Believe it or not, the government asks and tells. According to recently released results from the 2002 National Survey of Family Growth (NSFG), nine out of ten people aged 15 to 44 (the survey is limited to that age group) identify themselves as heterosexual. The proportions are almost identical for men (90.2 percent) and women (90.3 percent) and do not vary significantly by age within the 15-to-44 age group.
Does this mean the remaining 10 percent are homosexual? Maybe, but it's hard to say. The government allows respondents to identify themselves as homosexual, bisexual, or "something else." Among men aged 15 to 44, only 2.3 percent identify themselves as homosexual, 1.8 percent say they are bisexual, 3.9 percent say they are something else, and 1.8 percent did not answer the question. Among women the proportions are 1.3 percent homosexual, 2.8 percent bisexual, 3.8 percent something else, and 1.8 percent refused to answer. Just what is "something else"? According to the government report Sexual Behavior and Selected Health Measures: Men and Women 15-44 Years of Age, United States, 2002, some of those saying they are something else may not understand the terminology. So the 10 percent figure may be too large—or maybe not.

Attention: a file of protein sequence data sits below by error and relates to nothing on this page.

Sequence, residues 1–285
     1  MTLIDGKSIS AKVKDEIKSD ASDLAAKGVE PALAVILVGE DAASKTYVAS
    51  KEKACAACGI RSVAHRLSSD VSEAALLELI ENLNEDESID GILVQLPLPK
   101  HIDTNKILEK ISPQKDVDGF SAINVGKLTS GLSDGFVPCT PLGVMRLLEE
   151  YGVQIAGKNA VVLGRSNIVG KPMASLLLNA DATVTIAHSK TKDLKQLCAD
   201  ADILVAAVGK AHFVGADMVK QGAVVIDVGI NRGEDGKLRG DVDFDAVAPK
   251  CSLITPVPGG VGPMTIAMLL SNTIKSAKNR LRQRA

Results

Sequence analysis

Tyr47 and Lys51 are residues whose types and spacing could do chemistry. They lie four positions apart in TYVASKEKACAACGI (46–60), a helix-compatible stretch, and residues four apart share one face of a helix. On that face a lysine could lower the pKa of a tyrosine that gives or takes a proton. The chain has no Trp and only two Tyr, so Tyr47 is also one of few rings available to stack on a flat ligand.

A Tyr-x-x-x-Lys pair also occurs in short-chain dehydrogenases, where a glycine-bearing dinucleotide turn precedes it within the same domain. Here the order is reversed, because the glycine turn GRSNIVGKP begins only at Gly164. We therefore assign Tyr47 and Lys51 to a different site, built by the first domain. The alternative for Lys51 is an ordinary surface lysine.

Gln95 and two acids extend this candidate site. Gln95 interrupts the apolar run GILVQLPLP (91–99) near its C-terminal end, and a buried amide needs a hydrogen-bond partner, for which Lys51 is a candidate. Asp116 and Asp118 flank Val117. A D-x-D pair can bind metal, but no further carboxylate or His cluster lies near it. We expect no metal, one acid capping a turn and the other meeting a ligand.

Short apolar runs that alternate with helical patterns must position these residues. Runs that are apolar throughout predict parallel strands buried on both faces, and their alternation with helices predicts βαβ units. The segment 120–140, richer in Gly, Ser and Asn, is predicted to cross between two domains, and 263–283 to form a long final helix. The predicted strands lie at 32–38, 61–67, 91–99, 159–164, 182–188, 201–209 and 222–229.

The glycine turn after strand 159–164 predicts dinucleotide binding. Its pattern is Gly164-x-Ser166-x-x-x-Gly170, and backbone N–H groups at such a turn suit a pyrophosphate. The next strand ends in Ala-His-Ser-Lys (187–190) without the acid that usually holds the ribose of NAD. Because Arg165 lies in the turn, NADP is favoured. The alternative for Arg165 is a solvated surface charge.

The NSFG explores sexual orientation in other ways as well. It asks respondents whether they are attracted more to people of the same sex or the opposite sex. It also asks about lifetime and past-year sexual contact with opposite-sex and same-sex partners. On the attraction question, 92 percent of men aged 15 to 44 say they are attracted only to females—more than the 90 percent of men who say they are heterosexual. Among women, 86 percent say they are attracted only to males—less than the 90 percent who say they are heterosexual. Six percent of men say they have had oral or anal sex with another man in their lifetime. A smaller 2.9 percent say they have done so in the past 12 months. Eleven percent of women say they have had a sexual experience with another woman in their lifetime, and 4.4 percent have done so in the past year (the survey asked men and women different questions regarding same-sex experiences, making it difficult to compare results by gender).
It's likely that many people do not want the government to know their sexual leanings—especially if they are gay. The NSFG interviews were conducted in a way to minimize this hesitancy. Respondents wore headphones and entered their responses into a computer, preventing the interviewer from knowing how they answered the questions. Nevertheless, there's little doubt homosexuality will be under-reported, making the 10 percent figure as good a guess as any.